julnjake

Chirping
8 Years
Aug 20, 2011
108
0
89
SW PA
Ok I'm new to this chicken thing and I don't get it, what's the reasoning for using an incubator verses letting the hen sit on the eggs? And for the ones who do let the hen sit on them it seems they take the babies from her right away, why? Can you just let nature take its course from beginning to end? Sorry for my ignorance.
 

Cattitude

Songster
9 Years
May 6, 2010
2,067
18
171
Cat Country, west KY/TN border
It's a way for people without grown chickens to get started, and also to acquire breeds they otherwise wouldn't be able to get. Plus, some folks like to improve their chosen favorite breed or to develop a variation within a breed. At least, that's why I incubate eggs. Probably loads more reasons out there!
 

ronniewayne

Songster
8 Years
Aug 7, 2011
352
28
113
QUEEN CITY,CASS COUNTY
answer # 1 you might not have hens that go broody....or if they do they might not go broody when you want them to.....or you might want to set more eggs than they are capable of...
answer #2 you can usually raise a larger % than the hen will if you just let nature take its course...just my opinion...maybe some of the experts will know more...good luck with your chicks
 

julnjake

Chirping
8 Years
Aug 20, 2011
108
0
89
SW PA
Thank you for your answers. I'm not having any chicks anytime soon, I rescued 20 chickens 2 weeks ago and don't want to add more than that to the flock. But a year or so down the road I may want to hatch a few for the kids to experience and may be ready to add a few to the flock then. Just curious right now.
 

centrarchid

Crossing the Road
10 Years
Sep 19, 2009
25,278
15,446
766
Holts Summit, Missouri
I do it all three ways depending on need. Free ranging hens produce highest quality chicks, those that survive that is. Use of incubator and brooder enables production of a larger number of chicks. Hens used used simply for incubation provides better hatch rate than incubator. Absolute best for me has been to incubate eggs, hand raise (more interaction than brooder) so chicks imprint on me, raise females up and use those as broodies. Such hens enable me to handle them and chicks even in free range setting. I can take eggs even from my foulest tempered gamehens and produce sweet natured broodhens that to do not present a risk to me becuase of flogging.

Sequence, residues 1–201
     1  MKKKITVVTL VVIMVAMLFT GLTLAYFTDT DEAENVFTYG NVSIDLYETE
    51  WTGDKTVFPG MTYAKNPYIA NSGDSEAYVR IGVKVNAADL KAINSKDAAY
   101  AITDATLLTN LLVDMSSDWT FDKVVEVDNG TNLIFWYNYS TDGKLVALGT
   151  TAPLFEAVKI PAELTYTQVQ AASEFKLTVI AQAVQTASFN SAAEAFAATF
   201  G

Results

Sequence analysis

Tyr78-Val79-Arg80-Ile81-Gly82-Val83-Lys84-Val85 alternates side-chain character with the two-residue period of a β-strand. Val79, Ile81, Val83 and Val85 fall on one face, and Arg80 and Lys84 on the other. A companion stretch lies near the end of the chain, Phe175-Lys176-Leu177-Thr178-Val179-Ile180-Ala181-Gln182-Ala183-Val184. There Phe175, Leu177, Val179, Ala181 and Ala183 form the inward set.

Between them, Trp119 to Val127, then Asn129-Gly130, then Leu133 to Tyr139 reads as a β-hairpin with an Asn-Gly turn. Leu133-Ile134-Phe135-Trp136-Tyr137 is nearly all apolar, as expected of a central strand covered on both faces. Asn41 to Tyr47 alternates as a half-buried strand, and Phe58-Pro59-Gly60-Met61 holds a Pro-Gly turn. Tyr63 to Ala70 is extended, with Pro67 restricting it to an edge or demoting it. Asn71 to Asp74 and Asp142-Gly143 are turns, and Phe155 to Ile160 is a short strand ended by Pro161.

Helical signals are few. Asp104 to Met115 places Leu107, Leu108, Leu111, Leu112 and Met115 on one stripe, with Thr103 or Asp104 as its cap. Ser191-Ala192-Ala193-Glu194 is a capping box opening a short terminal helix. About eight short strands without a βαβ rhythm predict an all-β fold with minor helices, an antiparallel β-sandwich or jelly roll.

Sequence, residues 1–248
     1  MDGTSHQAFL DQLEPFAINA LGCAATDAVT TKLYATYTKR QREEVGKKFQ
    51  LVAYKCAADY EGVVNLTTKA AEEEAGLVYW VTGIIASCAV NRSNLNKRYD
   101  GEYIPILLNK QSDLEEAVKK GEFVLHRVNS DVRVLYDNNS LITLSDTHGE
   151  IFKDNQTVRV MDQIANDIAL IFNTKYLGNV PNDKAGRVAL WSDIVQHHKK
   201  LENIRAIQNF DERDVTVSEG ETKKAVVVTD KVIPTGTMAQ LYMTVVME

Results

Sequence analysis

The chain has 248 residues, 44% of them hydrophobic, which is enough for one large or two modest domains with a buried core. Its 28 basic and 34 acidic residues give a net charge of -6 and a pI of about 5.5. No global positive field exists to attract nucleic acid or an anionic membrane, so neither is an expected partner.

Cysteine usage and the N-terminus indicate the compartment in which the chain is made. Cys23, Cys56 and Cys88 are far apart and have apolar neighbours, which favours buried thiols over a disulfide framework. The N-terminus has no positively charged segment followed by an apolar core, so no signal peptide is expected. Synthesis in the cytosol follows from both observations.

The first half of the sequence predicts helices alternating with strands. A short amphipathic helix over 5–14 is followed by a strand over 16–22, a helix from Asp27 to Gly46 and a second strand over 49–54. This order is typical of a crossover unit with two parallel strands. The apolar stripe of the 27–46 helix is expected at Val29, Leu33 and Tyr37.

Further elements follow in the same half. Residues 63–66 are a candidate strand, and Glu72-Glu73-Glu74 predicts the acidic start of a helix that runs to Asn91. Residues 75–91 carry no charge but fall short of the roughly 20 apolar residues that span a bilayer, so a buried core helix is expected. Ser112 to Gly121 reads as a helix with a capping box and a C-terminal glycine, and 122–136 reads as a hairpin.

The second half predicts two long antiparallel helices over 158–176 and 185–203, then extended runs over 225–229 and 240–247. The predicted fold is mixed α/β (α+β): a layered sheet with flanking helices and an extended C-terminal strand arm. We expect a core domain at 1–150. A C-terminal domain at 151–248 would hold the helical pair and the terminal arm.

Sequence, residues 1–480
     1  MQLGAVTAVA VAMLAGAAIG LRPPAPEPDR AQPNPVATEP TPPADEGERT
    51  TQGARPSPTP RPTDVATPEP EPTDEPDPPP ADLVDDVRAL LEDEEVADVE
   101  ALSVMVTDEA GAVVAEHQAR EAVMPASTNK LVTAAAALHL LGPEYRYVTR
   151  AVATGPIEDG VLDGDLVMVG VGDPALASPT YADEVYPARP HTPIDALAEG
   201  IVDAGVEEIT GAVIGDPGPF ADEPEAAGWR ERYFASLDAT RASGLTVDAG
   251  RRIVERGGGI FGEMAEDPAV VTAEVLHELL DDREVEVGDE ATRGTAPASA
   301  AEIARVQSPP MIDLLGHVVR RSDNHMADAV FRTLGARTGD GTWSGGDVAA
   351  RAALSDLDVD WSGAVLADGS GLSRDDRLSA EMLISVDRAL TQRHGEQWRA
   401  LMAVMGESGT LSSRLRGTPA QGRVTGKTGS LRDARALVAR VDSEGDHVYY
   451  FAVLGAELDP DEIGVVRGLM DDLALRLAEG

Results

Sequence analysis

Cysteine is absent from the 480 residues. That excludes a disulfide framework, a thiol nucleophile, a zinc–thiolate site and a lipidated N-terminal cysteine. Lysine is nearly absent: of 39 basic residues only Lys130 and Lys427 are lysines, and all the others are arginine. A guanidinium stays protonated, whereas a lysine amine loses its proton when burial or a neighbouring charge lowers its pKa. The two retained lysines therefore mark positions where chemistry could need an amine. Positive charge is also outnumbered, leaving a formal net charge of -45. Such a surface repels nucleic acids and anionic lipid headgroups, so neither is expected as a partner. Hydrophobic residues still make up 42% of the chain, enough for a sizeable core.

Southwellski

In the Brooder
8 Years
Aug 28, 2011
60
0
39
Feltwell, UK
We rescued 8 ex batts and a rooster and ex batts just don't go broody. We are incubating some of their eggs (5/6 pipped as we speak - scaryyyyyy and exciting) and I ordered some Buff Orp eggs too because I was being quoted £40 a bird!
 

Gypsy07

Songster
9 Years
Feb 4, 2010
2,286
55
193
Glasgow, Scotland
I've been keeping chickens for a few years and it's only this year I've had a bird go broody. Some breeds just don't EVER go broody, and they're usually the ones that have been bred to lay the most eggs, so if you keep and want to breed good eggers, you'll usually be looking at incubating them yourself.

My hen that hatched out three chicks, I left them with her as she's quite tame and friendly already, but if she was wild, skittish, or just plain unfriendly towards me, I'd probably have taken the chicks and reared them myself to make sure they turned out friendlier than her. I prefer birds that I can handle reasonably easily as adults.
 

HEChicken

Crowing
10 Years
Aug 12, 2009
7,552
203
336
BuCo, KS
My Coop
I've always wanted a broody but in years of keeping them, including deliberately getting breeds said to go broody often, never had one, so had to resort to incubating myself. Finally a month ago one of my hens went broody (ironically, a breed that rarely broods) and I was thrilled to let her sit. She is now happily raising the 7 chicks that resulted from her first brooding attempt and no, I would never take the chicks away from a hen who worked so hard - in triple digit temps no less - to hatch those eggs. I don't even care if the chicks don't turn out as friendly as brooder raised chicks - its worth it to not have the hassle of a brooder, and to see Mama Hen clucking happily and teaching them the ways of the world.
 

julnjake

Chirping
8 Years
Aug 20, 2011
108
0
89
SW PA
Quote:Then how do/did they survive in the wild? Just a very low reproduction rate? Or is it captive birds that rarely go broody?
 

Gypsy07

Songster
9 Years
Feb 4, 2010
2,286
55
193
Glasgow, Scotland
Quote:These are breeds that didn't ever exist in the wild - most modern chicken breeds are NOTHING like the original wild jungle fowl they are all descended from - and were selectively bred for maximum egg production and minimum broodiness. When birds go broody they stop laying eggs, sometimes for a couple of months, and that's exactly what commercial egg producers don't want. So broodiness has been bred out of the top egg producing breeds and without incubators etc they'd most likely just die out...
 

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